The Opioid Crisis, Solved

Zabriskie Point in Death Valley. (Zabriskie is why it's a National Park.)
Zabriskie Point in Death Valley. (Zabriskie is why it’s a National Park.)

My week to rant, obviously.

Ah, the Sturm und Drang about opioids. All the finger pointing. All the acrimony! It’s the Doctors! It’s Big Pharma! Yeah, I suppose everything has something to add to the mix, but the underlying reason is more simple, and more personal. A lot of people are hopeless wimps!!!! On Monday I had a cyst excised from my back. Absent the Latin, that means that a surgeon cut it out with a sharp knife and stitched up the edges. It didn’t start hurting until about 3am  the next morning. I got up, took some aspirin, went back to sleep. After lunch yesterday it started hurting again. By evening I took some more aspirin. Then I took another dose of aspirin when I went to bed. I couldn’t lie on my back because of the sore spot. This morning, I woke up lying on my back! Whattya know? Pain gone. I’m told that later today I can take off the bandage and take a shower. Looking forward to that, I can tell you. The surgeon did prescribe a painkiller. Generic Percocet, a dreaded opioid, which, you’ll notice, I have not used.

Here’s the thing: it didn’t hurt all that badly in the first place! I mean, yeah, I had a sore spot in the middle of my back. I had to be careful leaning back in a chair, and I couldn’t sleep on my back for a night and a half. Woe is me! But, on a scale of 0 to 10 (which is how they rate pain in recovery rooms,) 0 is no pain at all, and 10, to me, is passing a kidney stone. I’d take Percocet, or anything offered, if I were passing a kidney stone (one was enough, believe me.) But, this sore spot on my back, at its worst, got up to maybe a 3. Mostly it was 1.5 to 2.0. For that, aspirin, if anything.* That being the case, I am forced to conclude that a lot of people either feel a lot more pain than I do, or that, as I wrote above, they are hopeless wimps!

Seriously, you need opium for a sore spot on your back? Ask yourself, does the pain prevent you from doing your job? Is it closer to, say, four broken ribs, or a mosquito bite? Sure, Pharma makes the stuff, and doctors prescribe it, but hopeless wimps take it for pain that doesn’t need it! Holy cats, folks, that’s the answer! Want to solve the opioid crisis? Don’t take the stuff!**

Steve’s Live From Las Vegas: the world’s problems solvled in a few easy to read paragraphs!***


* Aspirin gets a bad reputation, but it’s a lot safer than any other painkiller. It may give  you an ulcer, and if you eat eighty regular pills, it might kill you. Tylenol will kill you with as few as 10 pills. Opium messes you up completely. Ibuprofen can hurt your heart, Meloxicam eats your stomach wholesale. Aspirin also works against fevers and body aches. It’s never bothered my stomach.

** Don’t comment! Don’t write! I know, some pain needs opium to be survivable. I’d take anything to make the pain of passing a kidney stone go away. But opium for a sore spot on your back? Really?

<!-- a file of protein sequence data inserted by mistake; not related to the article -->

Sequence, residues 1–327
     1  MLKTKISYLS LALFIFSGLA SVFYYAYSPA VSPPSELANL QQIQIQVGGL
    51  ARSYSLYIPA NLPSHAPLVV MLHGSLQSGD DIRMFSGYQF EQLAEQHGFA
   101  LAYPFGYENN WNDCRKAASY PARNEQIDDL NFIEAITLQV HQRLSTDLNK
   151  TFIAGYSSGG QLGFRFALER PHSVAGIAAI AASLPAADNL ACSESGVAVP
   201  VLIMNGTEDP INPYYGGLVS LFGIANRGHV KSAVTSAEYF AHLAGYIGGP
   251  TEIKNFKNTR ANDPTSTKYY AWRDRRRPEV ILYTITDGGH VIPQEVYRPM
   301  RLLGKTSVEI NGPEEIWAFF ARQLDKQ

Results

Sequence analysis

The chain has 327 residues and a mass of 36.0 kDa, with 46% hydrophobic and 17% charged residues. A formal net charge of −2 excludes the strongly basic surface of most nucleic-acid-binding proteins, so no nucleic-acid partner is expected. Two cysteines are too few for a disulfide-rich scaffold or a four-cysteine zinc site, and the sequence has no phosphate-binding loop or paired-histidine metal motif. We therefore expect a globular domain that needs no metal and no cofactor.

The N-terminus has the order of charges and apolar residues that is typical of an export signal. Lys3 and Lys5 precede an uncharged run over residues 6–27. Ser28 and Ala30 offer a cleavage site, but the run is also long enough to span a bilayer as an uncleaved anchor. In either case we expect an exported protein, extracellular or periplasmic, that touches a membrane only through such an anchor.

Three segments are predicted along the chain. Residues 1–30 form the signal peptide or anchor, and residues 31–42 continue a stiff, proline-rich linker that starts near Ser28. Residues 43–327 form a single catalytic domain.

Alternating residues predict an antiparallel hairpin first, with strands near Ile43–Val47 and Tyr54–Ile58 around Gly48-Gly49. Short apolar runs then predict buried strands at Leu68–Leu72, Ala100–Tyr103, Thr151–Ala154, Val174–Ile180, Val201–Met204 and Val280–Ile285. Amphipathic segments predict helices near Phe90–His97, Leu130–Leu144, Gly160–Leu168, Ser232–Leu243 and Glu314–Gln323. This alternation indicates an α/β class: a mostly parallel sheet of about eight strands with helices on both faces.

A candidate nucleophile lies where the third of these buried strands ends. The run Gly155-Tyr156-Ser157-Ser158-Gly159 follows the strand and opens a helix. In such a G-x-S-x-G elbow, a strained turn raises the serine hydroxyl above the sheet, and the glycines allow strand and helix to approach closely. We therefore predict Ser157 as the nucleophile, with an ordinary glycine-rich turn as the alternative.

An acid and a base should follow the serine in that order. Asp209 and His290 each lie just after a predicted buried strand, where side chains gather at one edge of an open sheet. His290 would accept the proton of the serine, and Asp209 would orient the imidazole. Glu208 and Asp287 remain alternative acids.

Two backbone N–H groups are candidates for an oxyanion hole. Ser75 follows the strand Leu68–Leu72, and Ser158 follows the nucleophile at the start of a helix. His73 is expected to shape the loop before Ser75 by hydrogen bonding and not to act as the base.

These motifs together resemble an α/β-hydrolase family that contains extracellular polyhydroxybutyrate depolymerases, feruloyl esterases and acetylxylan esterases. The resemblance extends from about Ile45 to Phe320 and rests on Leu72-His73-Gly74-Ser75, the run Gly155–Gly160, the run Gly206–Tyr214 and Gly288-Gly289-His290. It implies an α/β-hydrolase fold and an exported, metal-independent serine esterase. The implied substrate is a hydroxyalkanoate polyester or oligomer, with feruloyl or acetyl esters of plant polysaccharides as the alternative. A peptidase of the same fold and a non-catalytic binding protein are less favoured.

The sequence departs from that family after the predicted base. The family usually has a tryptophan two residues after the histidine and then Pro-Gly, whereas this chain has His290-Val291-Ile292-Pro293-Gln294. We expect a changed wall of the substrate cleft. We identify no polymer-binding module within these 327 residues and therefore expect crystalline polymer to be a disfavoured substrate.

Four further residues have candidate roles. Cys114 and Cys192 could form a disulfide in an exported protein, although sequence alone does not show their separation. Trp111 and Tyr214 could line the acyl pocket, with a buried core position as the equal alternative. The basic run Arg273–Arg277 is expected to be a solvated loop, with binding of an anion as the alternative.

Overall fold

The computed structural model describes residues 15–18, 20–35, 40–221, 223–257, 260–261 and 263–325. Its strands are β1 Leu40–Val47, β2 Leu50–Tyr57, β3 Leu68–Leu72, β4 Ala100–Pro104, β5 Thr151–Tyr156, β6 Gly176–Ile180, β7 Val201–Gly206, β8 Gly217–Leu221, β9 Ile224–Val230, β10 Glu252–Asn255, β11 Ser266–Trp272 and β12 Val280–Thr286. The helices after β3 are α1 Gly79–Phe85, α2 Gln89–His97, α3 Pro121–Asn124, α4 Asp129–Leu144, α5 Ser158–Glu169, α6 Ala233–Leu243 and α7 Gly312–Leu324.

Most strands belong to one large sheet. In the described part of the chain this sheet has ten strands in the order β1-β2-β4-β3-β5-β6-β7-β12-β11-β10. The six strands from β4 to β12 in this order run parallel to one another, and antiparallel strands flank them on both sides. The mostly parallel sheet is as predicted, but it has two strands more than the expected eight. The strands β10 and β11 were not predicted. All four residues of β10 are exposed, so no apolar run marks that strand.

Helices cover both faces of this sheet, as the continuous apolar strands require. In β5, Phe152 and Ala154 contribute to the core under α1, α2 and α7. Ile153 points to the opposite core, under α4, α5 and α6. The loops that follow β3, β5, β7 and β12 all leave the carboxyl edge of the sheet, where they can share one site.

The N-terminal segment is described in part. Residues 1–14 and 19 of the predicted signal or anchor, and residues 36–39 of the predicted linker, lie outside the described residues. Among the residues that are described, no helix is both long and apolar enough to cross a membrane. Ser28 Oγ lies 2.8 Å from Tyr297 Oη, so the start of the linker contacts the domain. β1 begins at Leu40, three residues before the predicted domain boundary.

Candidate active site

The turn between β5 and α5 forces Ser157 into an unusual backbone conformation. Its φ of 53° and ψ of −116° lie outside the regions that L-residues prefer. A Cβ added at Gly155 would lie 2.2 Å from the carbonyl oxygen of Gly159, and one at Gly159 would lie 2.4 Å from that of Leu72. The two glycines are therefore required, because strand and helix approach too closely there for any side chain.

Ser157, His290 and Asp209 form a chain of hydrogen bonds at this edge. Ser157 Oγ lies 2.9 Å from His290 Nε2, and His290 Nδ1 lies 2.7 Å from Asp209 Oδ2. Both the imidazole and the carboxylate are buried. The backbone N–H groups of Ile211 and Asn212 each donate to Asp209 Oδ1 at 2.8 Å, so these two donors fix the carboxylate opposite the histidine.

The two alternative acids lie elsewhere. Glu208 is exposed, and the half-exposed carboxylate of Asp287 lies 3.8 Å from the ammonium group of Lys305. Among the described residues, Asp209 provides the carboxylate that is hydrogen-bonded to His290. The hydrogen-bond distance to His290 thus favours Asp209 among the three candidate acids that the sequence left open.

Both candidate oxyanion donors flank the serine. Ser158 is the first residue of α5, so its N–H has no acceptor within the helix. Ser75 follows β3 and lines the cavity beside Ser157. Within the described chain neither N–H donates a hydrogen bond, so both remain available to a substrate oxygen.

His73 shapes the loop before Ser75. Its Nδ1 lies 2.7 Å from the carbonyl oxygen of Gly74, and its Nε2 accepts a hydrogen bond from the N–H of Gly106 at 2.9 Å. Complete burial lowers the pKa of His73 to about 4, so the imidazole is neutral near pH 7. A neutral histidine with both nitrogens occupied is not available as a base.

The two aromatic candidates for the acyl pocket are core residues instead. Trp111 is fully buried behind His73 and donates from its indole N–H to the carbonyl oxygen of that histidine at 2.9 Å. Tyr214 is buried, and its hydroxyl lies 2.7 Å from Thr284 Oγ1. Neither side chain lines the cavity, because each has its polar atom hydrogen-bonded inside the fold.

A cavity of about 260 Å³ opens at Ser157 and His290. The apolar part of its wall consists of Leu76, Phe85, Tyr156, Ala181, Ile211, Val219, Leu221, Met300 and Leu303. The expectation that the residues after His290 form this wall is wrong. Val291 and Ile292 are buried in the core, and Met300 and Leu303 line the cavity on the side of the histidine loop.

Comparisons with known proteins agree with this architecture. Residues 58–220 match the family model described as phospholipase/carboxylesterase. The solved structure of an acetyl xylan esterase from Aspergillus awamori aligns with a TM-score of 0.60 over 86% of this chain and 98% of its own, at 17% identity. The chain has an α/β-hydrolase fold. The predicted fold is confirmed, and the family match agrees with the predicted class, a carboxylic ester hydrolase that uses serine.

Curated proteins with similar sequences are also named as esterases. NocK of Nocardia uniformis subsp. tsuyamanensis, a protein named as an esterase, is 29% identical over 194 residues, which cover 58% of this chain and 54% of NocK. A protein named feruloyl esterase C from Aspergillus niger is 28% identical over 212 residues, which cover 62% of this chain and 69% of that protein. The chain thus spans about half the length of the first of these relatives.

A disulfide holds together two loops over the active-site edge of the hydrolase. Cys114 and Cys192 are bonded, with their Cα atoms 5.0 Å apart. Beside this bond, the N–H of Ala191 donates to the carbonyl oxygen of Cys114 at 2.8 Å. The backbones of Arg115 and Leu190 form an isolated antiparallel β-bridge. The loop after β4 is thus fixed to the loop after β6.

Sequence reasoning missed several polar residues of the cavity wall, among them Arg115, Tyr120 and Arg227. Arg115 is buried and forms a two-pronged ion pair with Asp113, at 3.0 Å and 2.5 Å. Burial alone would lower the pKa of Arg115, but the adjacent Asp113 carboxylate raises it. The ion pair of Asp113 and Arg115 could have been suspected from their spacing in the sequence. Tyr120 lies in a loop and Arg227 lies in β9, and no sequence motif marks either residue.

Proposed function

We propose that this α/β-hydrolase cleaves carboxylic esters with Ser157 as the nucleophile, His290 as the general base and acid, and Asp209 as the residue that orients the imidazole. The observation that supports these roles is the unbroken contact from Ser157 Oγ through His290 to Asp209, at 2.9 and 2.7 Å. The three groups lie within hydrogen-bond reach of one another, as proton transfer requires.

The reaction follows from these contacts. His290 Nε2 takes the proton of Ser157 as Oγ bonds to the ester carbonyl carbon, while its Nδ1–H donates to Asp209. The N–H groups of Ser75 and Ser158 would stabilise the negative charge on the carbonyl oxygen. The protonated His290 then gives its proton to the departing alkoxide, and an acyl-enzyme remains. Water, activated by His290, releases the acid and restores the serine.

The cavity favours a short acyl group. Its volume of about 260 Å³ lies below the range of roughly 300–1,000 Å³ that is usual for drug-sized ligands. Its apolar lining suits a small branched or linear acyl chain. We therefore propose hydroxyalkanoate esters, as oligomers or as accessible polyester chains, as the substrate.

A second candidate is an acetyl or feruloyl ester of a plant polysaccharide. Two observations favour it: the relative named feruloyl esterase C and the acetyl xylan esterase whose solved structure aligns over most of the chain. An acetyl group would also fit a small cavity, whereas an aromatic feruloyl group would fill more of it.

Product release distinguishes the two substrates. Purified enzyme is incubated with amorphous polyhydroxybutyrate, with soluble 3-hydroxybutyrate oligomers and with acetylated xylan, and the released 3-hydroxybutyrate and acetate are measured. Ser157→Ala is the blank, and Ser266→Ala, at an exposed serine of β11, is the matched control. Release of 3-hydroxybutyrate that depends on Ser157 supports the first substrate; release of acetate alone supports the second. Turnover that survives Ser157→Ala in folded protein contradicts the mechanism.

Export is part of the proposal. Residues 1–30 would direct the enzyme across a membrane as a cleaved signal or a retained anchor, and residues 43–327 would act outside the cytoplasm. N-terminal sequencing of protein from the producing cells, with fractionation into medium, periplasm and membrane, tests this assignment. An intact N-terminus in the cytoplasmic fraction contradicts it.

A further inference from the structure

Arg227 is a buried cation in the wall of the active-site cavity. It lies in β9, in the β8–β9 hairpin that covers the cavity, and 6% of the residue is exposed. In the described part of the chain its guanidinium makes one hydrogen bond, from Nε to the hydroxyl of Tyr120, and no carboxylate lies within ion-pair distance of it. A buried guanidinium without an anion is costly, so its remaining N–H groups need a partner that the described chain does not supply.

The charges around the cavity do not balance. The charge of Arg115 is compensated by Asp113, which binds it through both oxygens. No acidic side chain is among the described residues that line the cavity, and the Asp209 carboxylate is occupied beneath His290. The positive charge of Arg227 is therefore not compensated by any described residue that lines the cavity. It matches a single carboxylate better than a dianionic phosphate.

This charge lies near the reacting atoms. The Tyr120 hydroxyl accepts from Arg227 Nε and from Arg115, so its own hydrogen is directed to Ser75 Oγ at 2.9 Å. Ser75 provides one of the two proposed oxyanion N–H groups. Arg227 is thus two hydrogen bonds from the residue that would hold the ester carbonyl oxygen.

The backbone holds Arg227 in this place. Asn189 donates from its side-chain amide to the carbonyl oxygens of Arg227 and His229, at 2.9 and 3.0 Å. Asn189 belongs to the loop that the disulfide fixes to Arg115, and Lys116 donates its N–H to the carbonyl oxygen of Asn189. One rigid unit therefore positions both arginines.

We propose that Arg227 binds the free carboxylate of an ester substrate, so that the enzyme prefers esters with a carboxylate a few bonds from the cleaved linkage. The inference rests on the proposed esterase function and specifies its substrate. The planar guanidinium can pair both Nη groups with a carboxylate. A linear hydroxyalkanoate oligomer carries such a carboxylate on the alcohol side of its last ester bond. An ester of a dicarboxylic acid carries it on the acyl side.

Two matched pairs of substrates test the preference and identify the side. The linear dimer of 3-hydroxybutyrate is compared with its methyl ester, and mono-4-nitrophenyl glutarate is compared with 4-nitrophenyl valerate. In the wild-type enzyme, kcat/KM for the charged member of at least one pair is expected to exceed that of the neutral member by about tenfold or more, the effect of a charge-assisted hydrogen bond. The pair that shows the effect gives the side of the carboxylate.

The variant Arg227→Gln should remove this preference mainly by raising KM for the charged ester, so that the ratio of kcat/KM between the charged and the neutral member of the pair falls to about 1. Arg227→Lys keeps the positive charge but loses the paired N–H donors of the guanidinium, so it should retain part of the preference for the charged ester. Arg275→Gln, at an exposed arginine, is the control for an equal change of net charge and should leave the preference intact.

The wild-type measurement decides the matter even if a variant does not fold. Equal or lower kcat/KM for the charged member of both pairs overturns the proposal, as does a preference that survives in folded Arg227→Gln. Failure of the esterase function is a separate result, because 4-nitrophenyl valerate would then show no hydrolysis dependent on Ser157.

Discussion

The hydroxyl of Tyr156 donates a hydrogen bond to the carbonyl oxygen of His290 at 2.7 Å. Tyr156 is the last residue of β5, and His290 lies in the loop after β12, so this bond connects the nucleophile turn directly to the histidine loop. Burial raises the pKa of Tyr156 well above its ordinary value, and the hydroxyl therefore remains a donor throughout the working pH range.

*** Since you believe this, contact me for information about a bridge I have for sale!

Writing to Make Things Better

I know that You know what This is! If I'm wrong, search Google Images.
I know that You know what This is! If I’m wrong, search Google Images.

Yesterday I ranted about discourse, and listening to each other, and about not presenting arguments in a way that can’t be argued against. Then I promised that I’d talk today about how writers can help make the situation better. And we can. But, I hear you say, what about the dictum of not deliberately trying to teach your readers? What about not being pedantic and boring? What about concentrating on telling a great story and letting your beliefs come out naturally?

Yes, what about all that? Did you think I was kidding in the past when I’ve said those things? Mais non! (French sounds so classy, don’t it?) The fact is, that is exactly what writers can do to make the larger society nicer and easier to live in. For instance, if you read yesterday’s post, you may have noticed that I’m a bit touchy about the incident reported. Pissed, that is. But, you’ll also notice that I didn’t give any details about who the other parties were, or where one could go look at their posts, or anything else that would get people worked up over what is, in fact, nothing. I tell stories. Stories help people see themselves, and help people to work out their problems. That’s true. So, all you have to do is tell your stories. And don’t go into a critique group sure that your story is wonderful the way it is, either, because likely as not it isn’t. Just the fact that writers use critique groups is an indication that we’re not like the closed-off ideologues we see on TV every day. We help each other to be better at being ourselves.

So, the way for a writer to make the world a better place is to keep on writing, keep on improving, and keep on being a good person. The inmates have always been in charge of the asylum around here, and storytellers have always been the ones to let the truth in via the back door. Good job, writer! We couldn’t be here without you!